Marketplace diversity and navigating a path forward in the face of ongoing change
This is my 9th installment in a series on marketplace diversity in Business Strategy and Operations (see postings 160-162, 167, 172, 174, 180 and 182) and so far I have been discussing marketplace diversity and responses to the challenges and opportunities that creates, as if this were largely a stable and even static system. The one quality you can in fact always rely on as staying relevant and current in the marketplace is, however, change.
Fashions and styles change and we can always expect a steady flow of at least minor upgrades to existing products and services. Major more fundamental version changes may not come out as often, at least for any given business provider but they arise and enter the market on a very regular basis too. And entirely new products and services are continually coming out too, even if at a still slower rate for most industries. Collectively this can all be seen as the steady and certain flow of standard change, and it meshes with and services the steady evolution of customer and potential customer needs and preferences, including their desire for new and different per se. At least for purposes of this posting, I would denote all of this as type 1 change.
Type 1 change is only one part of change per se and the other is much more profound and disruptive, and both for producers and for consumers in the marketplace. If insights gained from crowd sourcing can help you as a business to navigate your way through type 1 change as to what you should be providing and competing with, the second form of change is where you need to be able to accommodate the emergence of marketplace factors such as crowd sourcing per se. This, I will refer to here as type 2 change and I add that most of what I have been writing and posting to my directory Ubiquitous Computing and Communications – everywhere all the time has been about type 2 change.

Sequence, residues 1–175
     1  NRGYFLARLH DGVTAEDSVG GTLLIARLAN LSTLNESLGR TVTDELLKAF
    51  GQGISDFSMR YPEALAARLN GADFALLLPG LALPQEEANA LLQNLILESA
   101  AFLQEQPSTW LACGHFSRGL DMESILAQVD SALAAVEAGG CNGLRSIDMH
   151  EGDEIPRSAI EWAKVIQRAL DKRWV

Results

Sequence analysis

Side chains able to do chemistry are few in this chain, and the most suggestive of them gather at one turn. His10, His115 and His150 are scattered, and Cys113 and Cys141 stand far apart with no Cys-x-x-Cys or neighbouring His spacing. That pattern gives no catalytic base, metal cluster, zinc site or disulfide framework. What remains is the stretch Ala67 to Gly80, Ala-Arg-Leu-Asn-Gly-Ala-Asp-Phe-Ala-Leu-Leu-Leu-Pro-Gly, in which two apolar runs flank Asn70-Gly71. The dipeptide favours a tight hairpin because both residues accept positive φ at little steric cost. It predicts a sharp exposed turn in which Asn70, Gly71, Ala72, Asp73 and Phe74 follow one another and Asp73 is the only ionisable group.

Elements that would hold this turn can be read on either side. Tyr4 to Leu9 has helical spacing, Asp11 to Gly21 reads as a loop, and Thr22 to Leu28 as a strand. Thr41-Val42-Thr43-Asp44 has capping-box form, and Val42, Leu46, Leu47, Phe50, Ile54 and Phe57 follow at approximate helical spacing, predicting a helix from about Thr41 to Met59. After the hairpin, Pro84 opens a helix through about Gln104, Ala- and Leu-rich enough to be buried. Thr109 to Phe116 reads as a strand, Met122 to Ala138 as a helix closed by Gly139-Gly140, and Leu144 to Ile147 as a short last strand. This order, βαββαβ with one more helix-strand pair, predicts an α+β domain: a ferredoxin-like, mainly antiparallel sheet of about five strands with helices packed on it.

• Change drives marketplace diversity, and shapes and compels businesses to change in response if those businesses are to remain relevant, and even viable.
• Developing and offering any given unique value proposition is not and cannot be a fixed goal. Successfully developing and offering unique value propositions for a business can at most simply be considered developing towards a moving target that has to be continually rediscovered.
In this, I would argue that a product such as Coca Cola cannot be considered much of a unique value proposition per se even if no other business has ever successfully determined and copied its secret proprietary formula. The market is flooded with cola beverages and most of the original uniqueness of Coca Cola per se is long since gone – which I presume is why they keep coming out with new Coca Cola products to try and recapture New.
Looking at business and marketplace diversity from the ecological systems perspective that I discussed in recent series posting, the overall business ecosystem is continually changing and evolving, and niches with it have to do so to, in order to remain viable and relevant. (See Global Marketplace Diversity as Business Ecosystem Niche Space, Part 1, Part 2, Part 3 and Part 4.) And while static models of marketplace diversity offer value, dynamic models are needed too, in order to successfully compete and long term.